So…meditation and trance states. I have a certain amount of experience with the latter and a little with the former. Or do I? The problem is really the term ‘trance state’ and also the percieved intention behind ‘meditation’, yes I know I’m over-using the rabbit ears, bear with me do.
Eastern and Western ways of thinking really do differ on how to use both… technologies is the word I’m grasping for I guess. Mostly the modern Western ways of thinking seem to be understandings of Eastern philosophies filtered by the Theosophists back in the nineteenth century and that’s if you’re a New Age hippy chick, a Jan Fries afficianado or any sort of Heathen engaging in seidr.
Ok, lets start with how I’m defining trance state. It’s a bit difficult to define as purely scientifically a trance ‘state’ distinguishable from ordinary conciousness does not exist. Meditative states however, do exist…sort of. As far as I can understand its all about patterns of brainwaves. There are four provable types of brainwave which operate on different electrical frequencies and a possible fifth:
alpha – Between 8 and 13 hz
beta – Between 14 and 20 hz
delta – Between 4 and 7 hz
theta – Between .5 and 3 hz
gamma – Between 20 and 40 hz (maybe)
I should point out that there are definately measurable brainwaves which exist between 20 and 40hz but they don’t seem to fit into a nice pattern like the others so whether they’re going to be defined by terms which are more accurate (ie. 20-30, 30-40, x happens in y state, z happens in q state) or not remains to be seen, so for now they’re gamma as far as I’m concerned since brainwaves between 20-40hz occur infrequently and I think distinctively from beta brainwaves though some researchers say that beta extends from 14 – 40 hz.
Ok, so all the time our brain is producing these electrical impulses/brainwaves in combination with each other to produce different states of mind. Reasonably provable states, up until the edges anyway. It’s all to do with which type of brainwave is predominant.
Beta waves predominating show that you’re awake and participating in this thing called life, if beta waves are in the majority then you’re in what most of us non-scientists would call a ‘normal state of mind’.
Alpha waves are seen in the majority when you’re in light meditation or daydreaming, if you close your eyes even in a normal state of mind then they increase. (My personal theory is that the way I will myself to sleep is basically just me increasing my level of alpha waves, but that’s by the by.)
If delta waves are in the majority then you’re asleep or in a very deep meditative state.
If theta waves are in the majority then anyone watching a readout of your brainwaves would want to see if it happened in short sharp bursts or over a sustained period, if a sustained period then you’d be in reasonably deep meditation and if sharp bursts you’d be engaged in something creative.
Gamma brainwaves occur if you wake up during REM sleep but they also occur during problem solving activities and there may be a brief period of time during problem solving when these brainwaves are in the majority over beta brainwaves.
So then, you’ve probably only got a choice of four states of mind at this current level of technology; awake and interacting with the world, awake and not interacting with the world, asleep or meditating… of course since you can move between these states then the edges become a bit fuzzy and we’ve no really useful description of what’s going on when gamma waves are happening (asumming they are distinct from beta).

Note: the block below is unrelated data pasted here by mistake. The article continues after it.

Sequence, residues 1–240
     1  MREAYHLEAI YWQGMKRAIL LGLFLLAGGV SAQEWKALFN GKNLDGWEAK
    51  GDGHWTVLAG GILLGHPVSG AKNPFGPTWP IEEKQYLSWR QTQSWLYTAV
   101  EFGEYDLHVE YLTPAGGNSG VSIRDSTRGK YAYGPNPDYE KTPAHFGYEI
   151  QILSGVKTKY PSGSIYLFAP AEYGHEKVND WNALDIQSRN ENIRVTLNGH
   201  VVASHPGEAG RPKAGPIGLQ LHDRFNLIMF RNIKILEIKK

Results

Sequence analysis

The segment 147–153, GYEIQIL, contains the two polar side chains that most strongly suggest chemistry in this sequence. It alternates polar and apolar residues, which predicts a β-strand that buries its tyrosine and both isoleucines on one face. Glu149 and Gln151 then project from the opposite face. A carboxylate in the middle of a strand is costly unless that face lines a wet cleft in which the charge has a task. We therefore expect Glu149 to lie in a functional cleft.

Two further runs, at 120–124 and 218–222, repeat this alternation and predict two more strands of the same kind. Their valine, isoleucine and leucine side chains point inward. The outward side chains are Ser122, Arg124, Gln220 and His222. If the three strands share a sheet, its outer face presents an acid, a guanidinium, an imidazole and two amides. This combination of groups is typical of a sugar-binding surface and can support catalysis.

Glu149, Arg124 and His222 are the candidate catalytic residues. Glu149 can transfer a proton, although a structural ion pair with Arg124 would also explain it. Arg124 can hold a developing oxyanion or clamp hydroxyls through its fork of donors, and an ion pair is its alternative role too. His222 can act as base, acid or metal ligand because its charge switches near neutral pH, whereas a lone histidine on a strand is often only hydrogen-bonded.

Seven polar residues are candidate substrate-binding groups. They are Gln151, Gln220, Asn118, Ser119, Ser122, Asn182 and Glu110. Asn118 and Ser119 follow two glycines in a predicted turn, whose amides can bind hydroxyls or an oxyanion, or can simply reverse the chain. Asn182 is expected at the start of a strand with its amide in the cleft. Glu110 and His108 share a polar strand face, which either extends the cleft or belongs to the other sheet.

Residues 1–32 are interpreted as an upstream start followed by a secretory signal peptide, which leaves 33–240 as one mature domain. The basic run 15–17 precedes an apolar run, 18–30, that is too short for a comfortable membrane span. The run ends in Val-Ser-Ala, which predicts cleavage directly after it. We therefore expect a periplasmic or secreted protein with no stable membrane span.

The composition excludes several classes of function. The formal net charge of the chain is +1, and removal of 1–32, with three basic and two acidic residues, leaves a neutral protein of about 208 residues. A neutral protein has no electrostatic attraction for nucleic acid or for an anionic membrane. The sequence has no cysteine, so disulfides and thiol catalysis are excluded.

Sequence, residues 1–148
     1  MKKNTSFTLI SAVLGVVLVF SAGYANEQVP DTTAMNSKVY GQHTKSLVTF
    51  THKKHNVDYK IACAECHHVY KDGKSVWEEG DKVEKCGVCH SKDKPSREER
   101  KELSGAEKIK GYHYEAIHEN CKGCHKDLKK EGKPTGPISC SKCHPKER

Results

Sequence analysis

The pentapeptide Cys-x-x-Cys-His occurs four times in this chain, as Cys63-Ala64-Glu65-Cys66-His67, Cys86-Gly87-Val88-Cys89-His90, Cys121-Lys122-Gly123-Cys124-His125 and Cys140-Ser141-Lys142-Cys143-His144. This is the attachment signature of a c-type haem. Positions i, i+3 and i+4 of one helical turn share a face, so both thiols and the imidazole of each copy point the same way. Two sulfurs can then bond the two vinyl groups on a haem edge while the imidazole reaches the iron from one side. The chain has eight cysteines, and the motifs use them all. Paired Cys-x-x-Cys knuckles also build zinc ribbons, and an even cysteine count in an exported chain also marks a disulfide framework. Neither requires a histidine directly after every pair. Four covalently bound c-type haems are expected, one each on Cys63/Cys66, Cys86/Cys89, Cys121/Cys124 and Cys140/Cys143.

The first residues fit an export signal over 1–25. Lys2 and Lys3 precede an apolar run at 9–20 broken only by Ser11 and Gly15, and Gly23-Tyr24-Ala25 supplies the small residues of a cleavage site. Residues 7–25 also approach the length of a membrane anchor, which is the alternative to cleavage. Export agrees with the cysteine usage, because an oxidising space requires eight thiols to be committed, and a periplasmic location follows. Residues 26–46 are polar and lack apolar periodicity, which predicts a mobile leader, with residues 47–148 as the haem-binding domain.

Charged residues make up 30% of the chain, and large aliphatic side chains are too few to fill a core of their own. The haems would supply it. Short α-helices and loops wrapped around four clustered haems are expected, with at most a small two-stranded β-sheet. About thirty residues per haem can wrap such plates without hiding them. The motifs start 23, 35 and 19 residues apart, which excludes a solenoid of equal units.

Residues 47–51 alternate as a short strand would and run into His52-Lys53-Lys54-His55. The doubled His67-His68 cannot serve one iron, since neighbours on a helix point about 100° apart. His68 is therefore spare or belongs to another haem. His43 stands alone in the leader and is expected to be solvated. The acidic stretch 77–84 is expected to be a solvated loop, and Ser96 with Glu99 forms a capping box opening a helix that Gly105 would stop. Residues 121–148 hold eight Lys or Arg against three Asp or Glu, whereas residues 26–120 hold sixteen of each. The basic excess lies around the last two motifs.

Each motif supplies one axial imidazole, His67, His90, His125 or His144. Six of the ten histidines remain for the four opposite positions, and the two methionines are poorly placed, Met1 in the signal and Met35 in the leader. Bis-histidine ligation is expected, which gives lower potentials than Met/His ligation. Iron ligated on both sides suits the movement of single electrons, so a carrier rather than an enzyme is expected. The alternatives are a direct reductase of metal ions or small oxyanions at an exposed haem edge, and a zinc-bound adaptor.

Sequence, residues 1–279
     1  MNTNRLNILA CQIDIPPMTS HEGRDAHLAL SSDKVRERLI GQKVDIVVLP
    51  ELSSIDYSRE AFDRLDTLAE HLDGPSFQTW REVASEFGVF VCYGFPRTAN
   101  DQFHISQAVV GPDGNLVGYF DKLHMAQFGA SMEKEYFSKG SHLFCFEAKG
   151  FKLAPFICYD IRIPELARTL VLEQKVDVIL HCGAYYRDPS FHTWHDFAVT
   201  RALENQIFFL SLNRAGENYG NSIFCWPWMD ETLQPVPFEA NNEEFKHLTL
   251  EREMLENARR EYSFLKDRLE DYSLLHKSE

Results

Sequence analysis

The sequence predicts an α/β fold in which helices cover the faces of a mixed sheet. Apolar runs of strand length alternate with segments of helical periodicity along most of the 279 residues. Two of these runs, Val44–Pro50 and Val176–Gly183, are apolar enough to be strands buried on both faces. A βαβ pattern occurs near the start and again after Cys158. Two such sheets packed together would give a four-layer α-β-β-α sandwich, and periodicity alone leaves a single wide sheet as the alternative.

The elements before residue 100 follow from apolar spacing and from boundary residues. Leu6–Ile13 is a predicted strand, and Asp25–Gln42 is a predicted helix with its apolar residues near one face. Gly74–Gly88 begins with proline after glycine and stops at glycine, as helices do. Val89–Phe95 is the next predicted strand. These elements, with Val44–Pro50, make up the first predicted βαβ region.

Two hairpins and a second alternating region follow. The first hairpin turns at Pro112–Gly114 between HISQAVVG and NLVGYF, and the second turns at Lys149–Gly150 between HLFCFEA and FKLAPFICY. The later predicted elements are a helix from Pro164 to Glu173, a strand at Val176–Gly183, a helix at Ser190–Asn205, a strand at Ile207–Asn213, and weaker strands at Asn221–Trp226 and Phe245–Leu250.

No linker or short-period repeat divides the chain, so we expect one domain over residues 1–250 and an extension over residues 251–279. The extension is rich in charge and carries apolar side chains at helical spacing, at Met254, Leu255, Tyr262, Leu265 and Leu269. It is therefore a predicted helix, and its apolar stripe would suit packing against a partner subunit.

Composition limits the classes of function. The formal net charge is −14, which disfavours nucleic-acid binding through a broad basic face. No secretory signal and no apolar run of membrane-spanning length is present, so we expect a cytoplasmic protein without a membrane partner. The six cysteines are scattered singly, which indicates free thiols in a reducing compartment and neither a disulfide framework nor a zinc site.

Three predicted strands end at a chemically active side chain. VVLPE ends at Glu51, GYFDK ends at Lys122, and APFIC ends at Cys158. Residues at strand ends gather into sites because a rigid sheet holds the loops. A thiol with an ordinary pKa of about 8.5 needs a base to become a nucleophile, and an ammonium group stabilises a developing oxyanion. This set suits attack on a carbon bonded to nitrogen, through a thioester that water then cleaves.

Unfortunately because we don’t think entirely in alpha or entirely in beta etc. etc. and there’s no neat labels saying x amount of beta plus y amount of alpha equals z state hard scientists won’t thank me for using the word state. But I’m not a hard scientist and I think that the word ‘state’ can be a useful communicative tool, though what it denotes is a fuzzy thing rather than a hard thing. So I think I will use the term anyway, though I think that there is more going on in the mind than these four ‘states’.
In anycase back to my thoughts on meditation and trance and the like. The intention of most Eastern Meditation is to reach a meditative state of total calm, a deeper awareness of self or a transcendance of self. Any scientist watching would note that the brainwaves should progress from majority beta, through majority alpha to majority theta and possibly to majority delta (although a scientist would have to say that they couldn’t distinguish this from sleep), I’d be happy with talking about this as a form of trance in everyday conversation. But, from personal experience, I don’t think this seat of self is the goal of most Western meditative excercises. In a society, like most Eastern ones where the everyday beta waves are focused on the wa or harmony of the group then to focus on self may only be done in such a ritualised and specific way. In Western meditative excercises the focus of attention (and this is really what I think we mean by ‘state of mind’) in the beta and alpha waves is usually on self. Theta waves are not sought in a solid calm state but by allowing beta and alpha to recede and play with themselves in the background, this is because in the west meditation is not about finding yourself but about attempting a trance state which remains connected to whichever thing external to self we wish to explore.
Looking back on what I’ve written I become convinced that meditation when integrated with ‘normal’ life should be focused on self and on balance, but within wholly western traditions meditation and magic have become intertwined and unless you’re doing magic for yourself you don’t focus down you focus out.